The Winter Palace was the home of the eight Bogd Khaan and was built between 1893 and 1903.  As Tibetans the last six Bogd Khaans didn't integrate well into a society that spoke a different language but the eight Bogd Khaan hated the Manchurians, the then occupiers of Mongolia, and is thought to have been instrumental in bringing about the Mongolia's independence in 1911.  However, the eight Bogd Khaan died in 1924, just as Mongolia was becoming a People's Republic, and the government forbade the finding of another reincarnation of the Bogd Khaan in Mongolia.

Twelve years after the death of the eight Bogd Khaan the Tibetans found his reincarnation in Tibet.  In 1959, when China invaded Tibet, he was fled into exile in India where he lived a life as a peasant trader.  He was later recognized as the Bogd Gegeen and apparently now lives with the Dalai Lama in Dharamsala.  He has visited Monoglia only once since democratization in 1990 and was welcomed by many but his visa did not permit a permanent stay.  A recent newspaper article in UB stated that the Mongolians are looking for their own reincarnation based on an old prediction that the Bogd Gegeen would reappear to his people in 2002.  They believe his bones to be under a modern day movie theater and there is a movement to retrieve them but success seems unlikely.   So, while the Mongolian Buddhists are strong worshippers of HH the Dalai Lama, it seems there is some skepticism over the true Bogd Gegeen.

The Winter Palace of the eight Bogd Gegeen was essentially a monastery with many temples and an adjacent Russian style building that acted as the actual winter palace.  Today the whole complex is a museum and the Russian building houses a collection of items that belonged to the last Bogd Gegeen, including a snow leopard ger, an extensive collection of stuffed animals that were commissioned from Germany, elaborate clothing, furniture, paintings, the throne of the Khaan and his queen, a chariot and palanquin.   The buildings and items show an interesting contrast of Asian and European influences, a contrast that persists in Mongolia until this day.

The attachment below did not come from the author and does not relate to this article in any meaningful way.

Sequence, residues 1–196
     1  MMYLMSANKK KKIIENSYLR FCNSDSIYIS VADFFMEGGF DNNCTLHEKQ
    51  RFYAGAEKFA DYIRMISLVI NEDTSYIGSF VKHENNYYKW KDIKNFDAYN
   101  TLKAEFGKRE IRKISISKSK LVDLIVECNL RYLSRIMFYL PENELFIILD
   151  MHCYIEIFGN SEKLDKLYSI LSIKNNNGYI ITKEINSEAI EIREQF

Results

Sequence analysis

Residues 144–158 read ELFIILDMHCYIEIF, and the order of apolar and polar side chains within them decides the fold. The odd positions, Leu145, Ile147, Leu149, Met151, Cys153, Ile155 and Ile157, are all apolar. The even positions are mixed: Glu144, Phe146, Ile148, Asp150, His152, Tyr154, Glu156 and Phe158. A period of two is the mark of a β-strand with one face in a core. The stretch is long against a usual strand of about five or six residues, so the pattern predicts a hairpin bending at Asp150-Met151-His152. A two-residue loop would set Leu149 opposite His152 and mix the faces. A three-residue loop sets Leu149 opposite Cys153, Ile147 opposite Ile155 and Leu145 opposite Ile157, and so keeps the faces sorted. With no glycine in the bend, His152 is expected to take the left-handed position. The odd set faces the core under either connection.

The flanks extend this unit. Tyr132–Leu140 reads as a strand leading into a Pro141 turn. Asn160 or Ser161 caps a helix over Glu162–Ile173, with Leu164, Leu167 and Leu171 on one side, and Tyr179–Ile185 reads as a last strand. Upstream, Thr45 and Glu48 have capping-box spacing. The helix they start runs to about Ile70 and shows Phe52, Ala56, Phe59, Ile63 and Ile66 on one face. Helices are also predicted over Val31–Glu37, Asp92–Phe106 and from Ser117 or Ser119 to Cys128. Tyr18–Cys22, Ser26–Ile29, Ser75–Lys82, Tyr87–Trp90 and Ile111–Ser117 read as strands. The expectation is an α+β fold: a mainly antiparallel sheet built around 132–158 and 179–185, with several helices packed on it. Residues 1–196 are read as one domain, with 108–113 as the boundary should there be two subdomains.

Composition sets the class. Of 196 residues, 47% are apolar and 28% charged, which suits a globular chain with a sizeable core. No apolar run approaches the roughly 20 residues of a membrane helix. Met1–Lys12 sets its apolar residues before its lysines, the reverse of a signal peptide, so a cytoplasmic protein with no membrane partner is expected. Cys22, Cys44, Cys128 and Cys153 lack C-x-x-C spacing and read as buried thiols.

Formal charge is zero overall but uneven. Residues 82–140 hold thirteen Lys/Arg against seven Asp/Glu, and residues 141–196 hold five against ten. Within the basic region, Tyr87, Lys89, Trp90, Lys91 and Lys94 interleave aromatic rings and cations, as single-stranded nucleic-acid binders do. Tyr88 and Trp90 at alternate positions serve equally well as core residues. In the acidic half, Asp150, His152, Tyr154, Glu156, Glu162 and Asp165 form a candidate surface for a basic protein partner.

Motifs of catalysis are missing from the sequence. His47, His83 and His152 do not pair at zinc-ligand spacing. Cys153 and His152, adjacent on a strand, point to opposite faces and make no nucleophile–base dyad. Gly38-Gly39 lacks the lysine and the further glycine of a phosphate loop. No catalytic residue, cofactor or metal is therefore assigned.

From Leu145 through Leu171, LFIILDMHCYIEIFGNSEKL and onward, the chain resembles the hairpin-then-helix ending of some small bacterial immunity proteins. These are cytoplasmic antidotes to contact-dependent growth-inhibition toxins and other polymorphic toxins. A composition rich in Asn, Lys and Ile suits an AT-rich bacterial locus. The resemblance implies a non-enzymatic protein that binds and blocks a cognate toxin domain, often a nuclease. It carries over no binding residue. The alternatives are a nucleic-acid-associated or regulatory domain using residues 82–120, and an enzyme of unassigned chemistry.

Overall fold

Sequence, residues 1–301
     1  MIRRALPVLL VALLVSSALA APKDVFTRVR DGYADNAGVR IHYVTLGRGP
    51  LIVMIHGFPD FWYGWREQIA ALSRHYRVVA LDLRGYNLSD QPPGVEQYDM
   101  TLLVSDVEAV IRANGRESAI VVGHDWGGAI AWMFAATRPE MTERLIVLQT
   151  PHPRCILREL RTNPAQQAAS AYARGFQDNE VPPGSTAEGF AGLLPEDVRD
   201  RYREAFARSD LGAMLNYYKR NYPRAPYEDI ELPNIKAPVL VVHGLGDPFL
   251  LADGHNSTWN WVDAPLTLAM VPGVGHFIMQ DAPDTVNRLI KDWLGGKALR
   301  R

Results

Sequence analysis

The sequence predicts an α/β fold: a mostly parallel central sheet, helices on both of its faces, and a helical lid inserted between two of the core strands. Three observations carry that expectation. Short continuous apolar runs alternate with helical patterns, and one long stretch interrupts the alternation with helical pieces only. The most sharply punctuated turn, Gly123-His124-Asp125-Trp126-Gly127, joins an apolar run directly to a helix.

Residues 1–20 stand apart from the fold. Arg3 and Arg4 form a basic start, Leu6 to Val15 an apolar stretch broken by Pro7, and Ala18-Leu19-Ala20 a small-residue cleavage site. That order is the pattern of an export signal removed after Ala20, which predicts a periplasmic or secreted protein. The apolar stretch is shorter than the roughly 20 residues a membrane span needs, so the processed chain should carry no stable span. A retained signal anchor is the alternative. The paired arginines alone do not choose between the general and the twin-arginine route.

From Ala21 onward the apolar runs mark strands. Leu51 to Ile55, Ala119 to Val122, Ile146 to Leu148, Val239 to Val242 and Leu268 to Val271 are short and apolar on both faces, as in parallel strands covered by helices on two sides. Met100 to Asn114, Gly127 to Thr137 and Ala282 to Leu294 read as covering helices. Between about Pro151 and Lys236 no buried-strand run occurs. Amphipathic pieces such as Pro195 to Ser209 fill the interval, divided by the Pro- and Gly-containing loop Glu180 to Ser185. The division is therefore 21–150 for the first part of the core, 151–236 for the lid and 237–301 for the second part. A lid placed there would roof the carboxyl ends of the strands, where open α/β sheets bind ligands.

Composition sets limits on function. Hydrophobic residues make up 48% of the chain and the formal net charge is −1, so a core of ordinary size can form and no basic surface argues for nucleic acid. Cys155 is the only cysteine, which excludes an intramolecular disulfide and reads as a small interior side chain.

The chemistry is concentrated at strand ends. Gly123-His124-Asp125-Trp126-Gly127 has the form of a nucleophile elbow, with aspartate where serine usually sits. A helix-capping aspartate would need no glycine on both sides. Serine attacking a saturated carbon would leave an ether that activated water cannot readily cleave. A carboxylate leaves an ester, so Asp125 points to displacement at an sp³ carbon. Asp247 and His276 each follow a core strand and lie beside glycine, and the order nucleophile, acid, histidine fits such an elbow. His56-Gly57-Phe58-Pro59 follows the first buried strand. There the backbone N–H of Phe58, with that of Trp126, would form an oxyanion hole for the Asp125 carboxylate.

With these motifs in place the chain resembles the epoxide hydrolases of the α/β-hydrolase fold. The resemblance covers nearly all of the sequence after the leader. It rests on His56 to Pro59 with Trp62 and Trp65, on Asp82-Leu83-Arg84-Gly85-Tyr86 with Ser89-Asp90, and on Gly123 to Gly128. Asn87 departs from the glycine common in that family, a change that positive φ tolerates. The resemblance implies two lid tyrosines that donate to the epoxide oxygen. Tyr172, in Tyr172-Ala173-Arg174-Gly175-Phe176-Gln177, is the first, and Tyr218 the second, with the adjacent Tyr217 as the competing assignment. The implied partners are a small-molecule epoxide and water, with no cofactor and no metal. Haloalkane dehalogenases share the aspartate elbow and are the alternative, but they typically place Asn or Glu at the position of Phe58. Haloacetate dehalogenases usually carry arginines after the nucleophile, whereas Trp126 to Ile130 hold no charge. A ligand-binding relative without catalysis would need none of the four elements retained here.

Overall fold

The monastery part of the museum, a collection of Chinese style temples, still had many Buddhist thangkas and icons housed in it as though it were still a monastery but it remains a museum for the time being.  We spent a long time exploring all of the objects but as the afternoon went on we found ourselves increasingly bombarded with tour groups.  It was getting closer to Naadam and the tourist free travel that we had been enjoying for months was about to come to an end.

Our roommate, Jeremy, had been busy organizing himself for the upcoming Naadam events and we were fortunate to benefit from his research.  He had obtained a copy of the schedule of events, which actually started two days before the opening ceremony.

ULAAN BAATAR July 2-3 July 4-5 July 6 July 7-8

NAADAM July 9-10 July 11 July 12 July 13

COUNTRYSIDE July 14 July 15 July 16 July 17 July 18 July 19 July 20-21


BALDAN BARAIVAN July 25-30 Intro About Baldan Baraivan Mani Buteel Buddhist Festival The Restoration Work Another Naadam & About CRTP

ULAAN BAATAR July 31-Aug 1